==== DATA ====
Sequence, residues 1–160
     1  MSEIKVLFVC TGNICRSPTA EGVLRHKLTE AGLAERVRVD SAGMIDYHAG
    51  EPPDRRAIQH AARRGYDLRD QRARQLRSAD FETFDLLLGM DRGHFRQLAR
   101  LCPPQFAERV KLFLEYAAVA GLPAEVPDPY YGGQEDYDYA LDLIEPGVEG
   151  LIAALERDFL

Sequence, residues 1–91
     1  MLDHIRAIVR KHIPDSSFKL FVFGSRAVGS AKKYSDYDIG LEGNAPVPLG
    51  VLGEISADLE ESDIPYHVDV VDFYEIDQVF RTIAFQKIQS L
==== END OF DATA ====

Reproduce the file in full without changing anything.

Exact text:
Sequence, residues 1–160
     1  MSEIKVLFVC TGNICRSPTA EGVLRHKLTE AGLAERVRVD SAGMIDYHAG
    51  EPPDRRAIQH AARRGYDLRD QRARQLRSAD FETFDLLLGM DRGHFRQLAR
   101  LCPPQFAERV KLFLEYAAVA GLPAEVPDPY YGGQEDYDYA LDLIEPGVEG
   151  LIAALERDFL

Sequence, residues 1–91
     1  MLDHIRAIVR KHIPDSSFKL FVFGSRAVGS AKKYSDYDIG LEGNAPVPLG
    51  VLGEISADLE ESDIPYHVDV VDFYEIDQVF RTIAFQKIQS L